Six Thames High School students, including one with interests in pediatric oncology and another passionate about midwifery, sat down with Kopuarahi School’s 19 pupils around lunchtime on a Monday.
Lying nearby was a pile of colourful basketballs, netballs, and dodgeballs, and on the table were hand-made ham sandwiches, all paid for with money raised from a bake sale.
The intention was to provide Kopuarahi School, in Pipiroa, with sporting equipment and healthy kai, and was a first step in what would hopefully become an ongoing friendship between the education providers.
“We were scared when we got here that no one would talk to us but the kids are all really interesting, and it just shows, looking at them now, that a little bit can go a long way,” Thames High student Tyler Groenewald told The Profile.
“It’s just a little project but what you can do with it … you can just see it as an assessment or you can see it as an opportunity.”
The students take a Year 12 health class and have been assisted by teachers Taryn Slee and David Harrison.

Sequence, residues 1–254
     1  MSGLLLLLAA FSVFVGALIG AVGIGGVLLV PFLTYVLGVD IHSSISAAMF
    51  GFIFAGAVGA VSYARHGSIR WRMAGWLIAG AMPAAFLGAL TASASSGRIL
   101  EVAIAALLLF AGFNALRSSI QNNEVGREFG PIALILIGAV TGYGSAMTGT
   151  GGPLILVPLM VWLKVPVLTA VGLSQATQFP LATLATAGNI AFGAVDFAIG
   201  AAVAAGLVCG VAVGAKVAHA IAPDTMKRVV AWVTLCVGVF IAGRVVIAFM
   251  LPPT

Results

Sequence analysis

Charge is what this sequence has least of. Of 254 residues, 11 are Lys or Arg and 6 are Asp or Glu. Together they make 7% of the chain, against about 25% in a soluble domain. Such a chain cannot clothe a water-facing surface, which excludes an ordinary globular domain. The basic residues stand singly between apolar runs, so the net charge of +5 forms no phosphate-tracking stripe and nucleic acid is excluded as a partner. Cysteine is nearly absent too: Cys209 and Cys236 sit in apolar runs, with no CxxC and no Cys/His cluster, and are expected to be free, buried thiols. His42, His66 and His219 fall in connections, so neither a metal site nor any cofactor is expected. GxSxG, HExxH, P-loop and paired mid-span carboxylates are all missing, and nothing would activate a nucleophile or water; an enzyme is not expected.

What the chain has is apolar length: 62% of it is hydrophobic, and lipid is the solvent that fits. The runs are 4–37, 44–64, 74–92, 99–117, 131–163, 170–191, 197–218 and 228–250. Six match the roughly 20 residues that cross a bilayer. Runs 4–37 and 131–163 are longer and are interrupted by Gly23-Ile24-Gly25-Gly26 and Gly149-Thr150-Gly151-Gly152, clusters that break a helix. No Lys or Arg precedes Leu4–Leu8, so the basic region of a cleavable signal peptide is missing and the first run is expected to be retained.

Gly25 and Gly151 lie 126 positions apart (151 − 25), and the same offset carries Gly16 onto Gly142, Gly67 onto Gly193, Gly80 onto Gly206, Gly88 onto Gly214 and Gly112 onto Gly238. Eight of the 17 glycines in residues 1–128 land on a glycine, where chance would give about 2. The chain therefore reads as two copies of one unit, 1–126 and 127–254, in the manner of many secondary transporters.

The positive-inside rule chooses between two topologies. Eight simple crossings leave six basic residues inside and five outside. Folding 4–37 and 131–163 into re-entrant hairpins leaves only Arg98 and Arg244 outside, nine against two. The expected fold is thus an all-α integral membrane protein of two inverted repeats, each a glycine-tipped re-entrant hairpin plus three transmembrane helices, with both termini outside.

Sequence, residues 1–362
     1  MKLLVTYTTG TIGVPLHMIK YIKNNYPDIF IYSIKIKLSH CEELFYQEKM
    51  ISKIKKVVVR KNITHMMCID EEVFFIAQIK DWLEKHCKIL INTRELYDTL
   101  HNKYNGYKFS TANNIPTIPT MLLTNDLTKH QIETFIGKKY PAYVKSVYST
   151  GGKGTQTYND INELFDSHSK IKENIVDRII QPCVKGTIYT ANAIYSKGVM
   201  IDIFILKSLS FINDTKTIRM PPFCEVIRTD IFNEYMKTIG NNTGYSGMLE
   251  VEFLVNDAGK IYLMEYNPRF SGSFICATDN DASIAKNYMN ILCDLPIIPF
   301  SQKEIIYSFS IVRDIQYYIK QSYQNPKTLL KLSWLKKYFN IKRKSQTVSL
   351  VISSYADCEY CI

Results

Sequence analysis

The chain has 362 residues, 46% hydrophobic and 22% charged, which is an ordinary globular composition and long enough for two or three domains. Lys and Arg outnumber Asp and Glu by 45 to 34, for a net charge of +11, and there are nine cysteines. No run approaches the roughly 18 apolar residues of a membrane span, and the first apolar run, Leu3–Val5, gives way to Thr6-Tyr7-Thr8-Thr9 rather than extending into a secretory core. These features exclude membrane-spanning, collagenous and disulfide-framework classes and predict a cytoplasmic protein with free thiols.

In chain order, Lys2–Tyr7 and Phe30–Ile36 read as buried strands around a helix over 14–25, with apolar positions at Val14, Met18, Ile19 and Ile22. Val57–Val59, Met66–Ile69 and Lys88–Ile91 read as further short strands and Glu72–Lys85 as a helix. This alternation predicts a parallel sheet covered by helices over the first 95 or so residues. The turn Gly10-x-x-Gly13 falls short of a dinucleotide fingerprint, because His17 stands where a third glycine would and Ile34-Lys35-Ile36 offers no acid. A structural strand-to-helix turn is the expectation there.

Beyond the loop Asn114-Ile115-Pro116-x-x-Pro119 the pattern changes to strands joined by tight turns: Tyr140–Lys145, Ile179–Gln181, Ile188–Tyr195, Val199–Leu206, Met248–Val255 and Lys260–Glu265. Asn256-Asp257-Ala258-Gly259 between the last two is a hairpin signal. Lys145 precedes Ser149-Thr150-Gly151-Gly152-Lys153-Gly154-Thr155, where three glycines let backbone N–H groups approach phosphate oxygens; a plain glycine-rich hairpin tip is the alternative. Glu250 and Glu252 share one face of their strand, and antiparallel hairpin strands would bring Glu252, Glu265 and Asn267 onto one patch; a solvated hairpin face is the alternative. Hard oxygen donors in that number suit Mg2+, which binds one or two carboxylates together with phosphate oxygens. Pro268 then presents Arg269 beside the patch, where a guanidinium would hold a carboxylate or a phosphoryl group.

This year, one of their assessments was to ‘give back to our community’ and, after hearing on the radio that Kopuarahi School was in-need of new sporting gear, they contacted principal whaea Chris Patel.
The plan to mentor, inspire, and assist with the younger students was put into action, with Tyler and her classmates organising a bake sale to raise money for the equipment and lunches. They raised close to $300, Tyler said.
“It meant a lot to us, giving back to one of the primary schools we don’t usually give back to, and we thought it would be good to get Thames High School’s name out there a little bit and give back to the wider community outside of Thames,” she said.
“The intention is for it to be an ongoing thing, every now and again, pop in and say hi. We definitely don’t want it to be a one-time thing.”
Kopuarahi School principal whaea Chris Patel said she hoped the project would be “successful and sustainable” for future students to be able to be a part of.
“Society is very good at knocking young people, but there are young people out there doing good things,” she said.
“[These students] are socially responsible young people seeing how they can play a role in helping others.
“It’s a healthy thing to promote, and there’s a positivity that goes both ways.” By KELLEY TANTAU